And by and large, it turns out that there are no natives in Yerevan, starting with the plants.
By “native” they mean more in the context that it is an elite class. And if we dig a little deeper into the story, we will see that these are the ideas of the nomenclature elite living in the center of the Soviet era. The elite had access to the best schools, kindergartens, shops, and other services that those living in the suburbs or villages lacked.
Naturally, this is how the “cell” was formed, which now allows itself to speak from its own high positions (we are natives, you are not).
Social stratification is manifested differently on social media.
Social networks have made us all more or less equal, there are no central and peripheral users. Everyone is on the same platform, talking to each other as they can and as they want. They choose the group they want to discuss something with, and they do it.
So the design of the “natives” is dismantled by the logic of social networks.
For many years, the opposite selection has taken place, for example, in positions that have been appointed without reflection, just people who perform and obey. Maybe that’s why we use the gene, the root, not the idea of growth.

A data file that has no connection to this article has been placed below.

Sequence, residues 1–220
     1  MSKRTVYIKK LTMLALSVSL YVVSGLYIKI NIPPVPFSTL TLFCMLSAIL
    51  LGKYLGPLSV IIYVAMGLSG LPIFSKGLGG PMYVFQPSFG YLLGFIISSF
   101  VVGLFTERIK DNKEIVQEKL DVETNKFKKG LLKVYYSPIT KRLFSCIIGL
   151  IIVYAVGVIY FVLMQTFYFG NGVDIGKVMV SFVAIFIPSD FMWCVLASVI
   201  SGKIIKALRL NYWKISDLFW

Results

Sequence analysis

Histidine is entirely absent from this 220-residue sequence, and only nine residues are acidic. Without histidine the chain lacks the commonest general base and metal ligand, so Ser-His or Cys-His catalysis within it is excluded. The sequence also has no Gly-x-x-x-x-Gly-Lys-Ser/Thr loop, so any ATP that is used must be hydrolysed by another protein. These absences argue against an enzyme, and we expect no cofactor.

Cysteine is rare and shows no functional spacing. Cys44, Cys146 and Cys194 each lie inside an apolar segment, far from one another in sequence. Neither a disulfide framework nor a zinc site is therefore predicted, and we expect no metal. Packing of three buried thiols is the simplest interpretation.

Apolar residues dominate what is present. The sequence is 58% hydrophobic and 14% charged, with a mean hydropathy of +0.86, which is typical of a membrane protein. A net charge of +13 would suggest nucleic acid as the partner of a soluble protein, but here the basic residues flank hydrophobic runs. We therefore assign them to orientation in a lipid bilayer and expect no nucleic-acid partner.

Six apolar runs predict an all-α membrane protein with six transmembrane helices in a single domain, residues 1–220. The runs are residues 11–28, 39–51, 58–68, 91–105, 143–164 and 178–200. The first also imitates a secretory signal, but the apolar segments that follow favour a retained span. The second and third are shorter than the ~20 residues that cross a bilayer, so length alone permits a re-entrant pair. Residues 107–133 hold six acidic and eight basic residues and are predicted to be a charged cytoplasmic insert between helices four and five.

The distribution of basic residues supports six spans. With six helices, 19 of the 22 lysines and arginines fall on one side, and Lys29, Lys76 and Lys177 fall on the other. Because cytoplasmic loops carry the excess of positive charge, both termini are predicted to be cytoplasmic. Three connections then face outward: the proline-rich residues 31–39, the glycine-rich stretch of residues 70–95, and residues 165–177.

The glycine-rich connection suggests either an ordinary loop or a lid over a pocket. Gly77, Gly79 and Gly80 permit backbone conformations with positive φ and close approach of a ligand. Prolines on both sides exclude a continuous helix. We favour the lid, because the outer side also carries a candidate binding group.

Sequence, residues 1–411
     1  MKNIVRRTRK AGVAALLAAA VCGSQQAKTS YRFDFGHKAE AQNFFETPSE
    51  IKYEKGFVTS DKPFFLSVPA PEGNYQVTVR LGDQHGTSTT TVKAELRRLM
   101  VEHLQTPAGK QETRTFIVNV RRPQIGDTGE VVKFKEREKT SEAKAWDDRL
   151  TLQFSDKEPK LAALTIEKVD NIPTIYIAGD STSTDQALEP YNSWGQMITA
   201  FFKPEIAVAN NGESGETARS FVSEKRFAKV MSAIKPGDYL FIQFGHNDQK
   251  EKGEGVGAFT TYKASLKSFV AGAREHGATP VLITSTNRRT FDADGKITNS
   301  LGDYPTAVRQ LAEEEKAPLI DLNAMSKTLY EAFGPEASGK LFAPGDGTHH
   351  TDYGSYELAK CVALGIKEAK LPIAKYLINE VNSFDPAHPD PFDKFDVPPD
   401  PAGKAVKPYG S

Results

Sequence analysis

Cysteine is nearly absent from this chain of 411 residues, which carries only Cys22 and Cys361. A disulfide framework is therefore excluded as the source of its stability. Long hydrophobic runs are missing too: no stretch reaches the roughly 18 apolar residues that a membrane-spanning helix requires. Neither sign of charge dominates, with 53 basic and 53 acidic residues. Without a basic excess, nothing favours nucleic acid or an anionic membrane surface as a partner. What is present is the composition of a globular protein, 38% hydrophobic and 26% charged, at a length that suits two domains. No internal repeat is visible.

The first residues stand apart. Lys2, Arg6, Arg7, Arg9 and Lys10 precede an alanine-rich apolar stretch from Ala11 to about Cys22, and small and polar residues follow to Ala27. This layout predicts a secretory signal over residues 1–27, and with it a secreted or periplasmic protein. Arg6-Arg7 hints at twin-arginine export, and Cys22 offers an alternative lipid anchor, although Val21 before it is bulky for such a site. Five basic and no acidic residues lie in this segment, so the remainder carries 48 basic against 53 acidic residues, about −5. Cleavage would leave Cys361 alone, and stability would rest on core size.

Our society is very multi-layered, polymorphic, we all have different opinions about the same phenomenon.
The example of the disappearing Firdus district shows this very well. Some say that architecture is a business, that’s good, others say that old buildings should be demolished and replaced with something “good.” And finally, many want to preserve not only those historic buildings but also the breath of the city, the overcrowded city.
No matter how hard we try to make society homogeneous, we will not succeed. An abstract portrait will soon emerge. And that’s what makes it interesting.
In fact, it has always been the case that the Soviet Union tried to create a “homo sevetic,” but it did not succeed.
Soviet equality was artificial, which immediately disappeared. I guess the things that are durable (plants, people, public relations, memories) are what will occupy a place in a diverse forest.
This variety grows well during the epidemic. And although many, including the representatives of the ruling power, say that the society is to blame for the non-observance of quarantine, thus attributing the same behavior, way of thinking and label to the whole society, in reality this approach is not justified, because it is not true.
Someone believes in quarantine measures, someone does not believe, someone believes deep down, but does not show it because their environment demands it.
It is always like that. When you refer to the general, the identical, you blur the essence of the problem.
Interview by Nune Hakhverdyan